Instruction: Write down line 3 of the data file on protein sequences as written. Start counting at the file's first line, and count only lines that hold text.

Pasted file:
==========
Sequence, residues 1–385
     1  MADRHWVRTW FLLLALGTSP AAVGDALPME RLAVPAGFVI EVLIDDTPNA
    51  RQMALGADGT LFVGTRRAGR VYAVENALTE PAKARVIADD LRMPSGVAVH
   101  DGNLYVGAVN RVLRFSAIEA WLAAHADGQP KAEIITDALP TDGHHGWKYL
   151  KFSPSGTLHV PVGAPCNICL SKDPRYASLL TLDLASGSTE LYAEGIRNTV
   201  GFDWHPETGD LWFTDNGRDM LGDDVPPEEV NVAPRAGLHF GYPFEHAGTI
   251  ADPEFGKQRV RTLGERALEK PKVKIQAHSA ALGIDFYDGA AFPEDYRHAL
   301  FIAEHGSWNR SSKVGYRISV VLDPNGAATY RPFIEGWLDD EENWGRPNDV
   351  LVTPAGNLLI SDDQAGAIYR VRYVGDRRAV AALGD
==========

    51  RQMALGADGT LFVGTRRAGR VYAVENALTE PAKARVIADD LRMPSGVAVH